Lucien Le Moine Volnay Brouillards Premier Cru 2012
Lucien Le Moine is a small House of Grands Crus in the Beaune region of France. The winery is a two person operation established in1999. Mounir learned and worked in a Trappist Monastery where he discovered Chardonnay and Pinot Noir. He studied Viticulture and Oenology at the ENSAM Montpellier, then had 6 years experience in different wineries in Burgundy, other areas of France and California where he became fascinated by the "old way" of growing, vinificating and aging wines. One day he decided to push to the extreme everything he saw and experienced and created, with Rotem, a small cellar dedicated to the ideas of purity and typicity.
Rotem comes from a cheese making family. She learned Agriculture both at the Technion and the ENESAD in Dijon and oriented her studies toward wine. She won a national prize from the French Academy of Agriculture for a study on the Côte d'Or than she participated in many Harvests in Burgundy and California. She joined Mounir in 1999 and started Lucien Le Moine together.
Having studied, lived and worked in Burgundy for several years the duo got to know many good growers in the region. They decided to merge these relations and devotion to quality in a small selected production of Crus.
Lucien Le Moine produces only Grands and Premiers Crus from Côte d'Or.
On the hillsides between Pommard and Meursault, Volnay is one of two villages in the Côte de Beaune that is recognized for its extraordinary Pinot Noir. Pommard is the other; the rest of the villages are most known for some of the most exceptional Chardonnay in the world. While Volnay Pinot Noir tends to be light in color and more delicate than that of Pommard, they typically stand on par with each other in regards to quality and demand.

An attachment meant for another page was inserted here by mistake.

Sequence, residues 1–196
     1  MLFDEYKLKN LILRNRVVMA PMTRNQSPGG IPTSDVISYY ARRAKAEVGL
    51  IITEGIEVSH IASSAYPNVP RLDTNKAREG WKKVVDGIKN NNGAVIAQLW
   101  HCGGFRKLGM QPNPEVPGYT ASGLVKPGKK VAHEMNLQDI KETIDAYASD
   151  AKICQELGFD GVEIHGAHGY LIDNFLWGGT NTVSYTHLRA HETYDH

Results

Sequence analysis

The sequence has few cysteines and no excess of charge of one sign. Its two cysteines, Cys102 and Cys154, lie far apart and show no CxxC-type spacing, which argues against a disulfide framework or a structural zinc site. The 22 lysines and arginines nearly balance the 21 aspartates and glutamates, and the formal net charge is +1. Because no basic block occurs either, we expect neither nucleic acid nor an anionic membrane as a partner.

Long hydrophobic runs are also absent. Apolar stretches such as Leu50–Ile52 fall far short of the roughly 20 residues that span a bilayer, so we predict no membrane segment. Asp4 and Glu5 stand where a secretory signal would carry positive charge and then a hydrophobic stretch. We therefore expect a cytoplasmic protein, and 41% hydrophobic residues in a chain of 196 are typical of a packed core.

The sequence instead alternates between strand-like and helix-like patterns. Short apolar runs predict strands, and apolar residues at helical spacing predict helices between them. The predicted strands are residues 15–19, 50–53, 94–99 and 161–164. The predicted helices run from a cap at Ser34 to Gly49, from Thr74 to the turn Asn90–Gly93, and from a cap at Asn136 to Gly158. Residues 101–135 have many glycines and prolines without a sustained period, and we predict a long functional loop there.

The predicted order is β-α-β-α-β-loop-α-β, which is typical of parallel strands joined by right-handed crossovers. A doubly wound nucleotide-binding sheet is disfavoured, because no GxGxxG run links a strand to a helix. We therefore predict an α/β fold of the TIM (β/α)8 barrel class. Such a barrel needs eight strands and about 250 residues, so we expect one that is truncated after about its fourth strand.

Volnay can’t claim any Grands Crus vineyards but more than half of it has achieved Premier Cru status. Volnay Premiers Crus vineyards stretch across the entire village from northeast to southwest, abutting and actually falling “into” Meursault. Where they merge is a vineyard called Les Santenots. Pinot Noir grows in this Meursault Premier Cru but since that village is most associated with stellar whites, the Pinot Noir from Les Santenots, takes the name Volnay Santenots. Immediately above it are Volnay’s other prized Premier Cru, Le Cailleret, Champans, Clos des Chênes and Le Cailleret.
Volnay Pinot Noir are earthy with red or blue fruit. Aromas such as smoke, herbs, forest, cocoa and spice are common and on the palate they are gorgeous and concentrated with finesse but won’t truly charm you without some age.
Thin-skinned, finicky and temperamental, Pinot Noir is also one of the most rewarding grapes to grow and remains a labor of love for some of the greatest vignerons in Burgundy. Fairly adaptable but highly reflective of the environment in which it is grown, Pinot Noir prefers a cool climate and requires low yields to achieve high quality. Outside of France, outstanding examples come from in Oregon, California and throughout specific locations in wine-producing world. Somm Secret—André Tchelistcheff, California’s most influential post-Prohibition winemaker decidedly stayed away from the grape, claiming “God made Cabernet. The Devil made Pinot Noir.”